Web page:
It’s one of those “uh-oh” moments when you download a game over lunch break, say to yourself “I’ll give it a half-hour or so”, and then look up and see the clock flashing 3:46pm. Should I be surprised? Probably not — this is PopCap games, the maker of digital heroin since the early days of Bejeweled.
As a substitute for a Champions Online beta review, which isn’t going to happen today (alas), how about a glowing testimony of a great casual game that I am going to press on you like a pair of nice slacks?
At first glance, you might be tempted to say, “Another tower defense game?” when you see Plants vs. Zombies — resist that urge, however! It is of the devil! The tower defense genre has blanketed the casual gaming market like crazy over the past few years, everyone rushing to pump out the next Desktop Tower Defense yet never quite succeeding. However, I never realized how stale and predictible tower defense games had gotten until I booted up PvZ and witnessed how they took a familiar genre and refashioned it into something almost brand-new.
Instead of mazes where critters dutifully plod down a path between all of your nasty death-spewing towers, Plants vs. Zombies eschews mazes entirely in favor of… a lawn. The setup is that a horde of goofy, lovable zombies are marching on your house (from right to left), and if they get there, your brains are forfeit. In a cool twist, it isn’t humans and their awesome shotguns to the rescue, but… plants. For some reason known only to them, the plants surrounding your house are fiercely devoted to saving you from the zombie menace, up to and including sacrificing their own lives.
Juxtaposing plants against zombies, at first glance, is incredibly weird — like saying “orange juice vs. tractor trailors”. The two don’t have much to do with each other. Yet, against all odds, it works, and it works brilliantly, mostly because both sides feature huge amounts of personality and variety, and because plants make good stationary objects (towers) while everyone loves blasting zombies (critters) into oblivion.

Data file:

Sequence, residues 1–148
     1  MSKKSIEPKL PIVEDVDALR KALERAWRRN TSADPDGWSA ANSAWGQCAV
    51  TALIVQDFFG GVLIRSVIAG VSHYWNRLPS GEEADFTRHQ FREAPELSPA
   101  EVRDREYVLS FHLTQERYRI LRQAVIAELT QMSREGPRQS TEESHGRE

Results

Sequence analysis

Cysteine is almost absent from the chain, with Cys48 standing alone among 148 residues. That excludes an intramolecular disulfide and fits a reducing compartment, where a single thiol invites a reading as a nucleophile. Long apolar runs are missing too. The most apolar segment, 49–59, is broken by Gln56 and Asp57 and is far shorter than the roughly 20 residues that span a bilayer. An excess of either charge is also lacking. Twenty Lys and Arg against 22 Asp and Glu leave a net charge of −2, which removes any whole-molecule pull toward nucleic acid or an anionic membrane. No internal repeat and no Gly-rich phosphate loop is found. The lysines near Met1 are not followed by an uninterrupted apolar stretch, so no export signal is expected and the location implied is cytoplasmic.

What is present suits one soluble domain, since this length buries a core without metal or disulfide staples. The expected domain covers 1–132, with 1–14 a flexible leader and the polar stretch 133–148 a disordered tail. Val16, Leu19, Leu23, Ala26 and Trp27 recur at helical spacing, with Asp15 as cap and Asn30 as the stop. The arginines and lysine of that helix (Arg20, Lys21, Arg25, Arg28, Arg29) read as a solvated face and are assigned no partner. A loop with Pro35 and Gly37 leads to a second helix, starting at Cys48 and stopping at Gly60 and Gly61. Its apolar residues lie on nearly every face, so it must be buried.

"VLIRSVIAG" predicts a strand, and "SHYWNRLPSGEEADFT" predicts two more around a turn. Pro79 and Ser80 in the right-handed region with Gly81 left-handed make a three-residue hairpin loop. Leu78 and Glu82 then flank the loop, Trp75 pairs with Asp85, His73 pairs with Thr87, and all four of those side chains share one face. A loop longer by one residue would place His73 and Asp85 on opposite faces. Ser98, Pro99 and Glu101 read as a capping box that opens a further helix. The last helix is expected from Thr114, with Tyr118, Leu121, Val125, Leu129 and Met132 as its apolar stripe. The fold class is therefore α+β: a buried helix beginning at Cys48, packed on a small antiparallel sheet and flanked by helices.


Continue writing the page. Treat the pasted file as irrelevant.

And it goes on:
The zombies appear in one of five rows (or lanes) as they march on your house, cheekily represented as lawn mower marks on the grass. Most of them are slow and plodding, but as you progress up through the levels you start facing more formidable challenges — football zombie (who’s super tough), a pole-vaulting zombie (who jumps over your first line of defense), a Michael Jackson-ish zombie (who calls backup zombie dancers to do “Thriller”) and more. Each round is composed by a steady stream of zombies, as well as a few points where a huge wave of the undead appear.
In your defense, as I said above, are plants. And not just any plants — by the time you finish the adventure portion of the game, there are about 40 different plants you can throw into combat, an obscene number for a tower defense game. The catch is, for each level you can only choose a set amount of plants to take with you (it starts at 6, but you can earn more slots). This introduces a rich layer of strategy — the game lets you peek at what type of zombies you’ll be facing that round, and you can construct your seed “deck” accordingly. This adds huge replayability, especially as you try out more creative combinations (one of my favorites so far is a burning treestump — torchwood — that turns any peas shot through it into fireballs). You also have one last line of defense, a lawnmower in each row that’s set to roll over the first zombie to reach the left part of the screen — but this can only be done once per row per level.
Since there aren’t any mazes, Plants vs. Zombies lets the zombies engage the plants directly, attacking and destroying them as they reach them. Because of the disposable nature of the plants, you aren’t spending gobs of time upgrading them as you are replacing them and reshaping the battlefield. Another change from traditional tower defense games is that the currency you use to plant plants — “sun” — isn’t earned by killing zombies, but by catching falling sun icons and planting sunflowers and other flora that produce this resource.
I spoke to its addictive nature, and I meant it. This is a game that sucks you in and makes you plead for “just one more round” as the world crashes down around your shoulders. I appreciate that the game’s creators occasionally interject unique levels that deviate from the normal setup, usually in the form of a minigame. For example, attacking zombies by “bowling” wall-nuts down the field (trying to bank the nuts to score multiple hits), playing whack-a-mole as zombies pop out of graves, or eschewing the sun resource altogether and using plants that roll down a conveyer belt to defend your house.
There are tons of unlocks, minigames and special modes to be had here, even when the main adventure is done (including a survival mode). I really can’t speak any more highly of Plants vs. Zombies — I went home, gave a copy to my wife, and watched her get sucked in as well (occasionally growling at naughty zombies who defied her wishes). It’s a perfect casual title, and one that will probably keep me occupied for quite some time to come.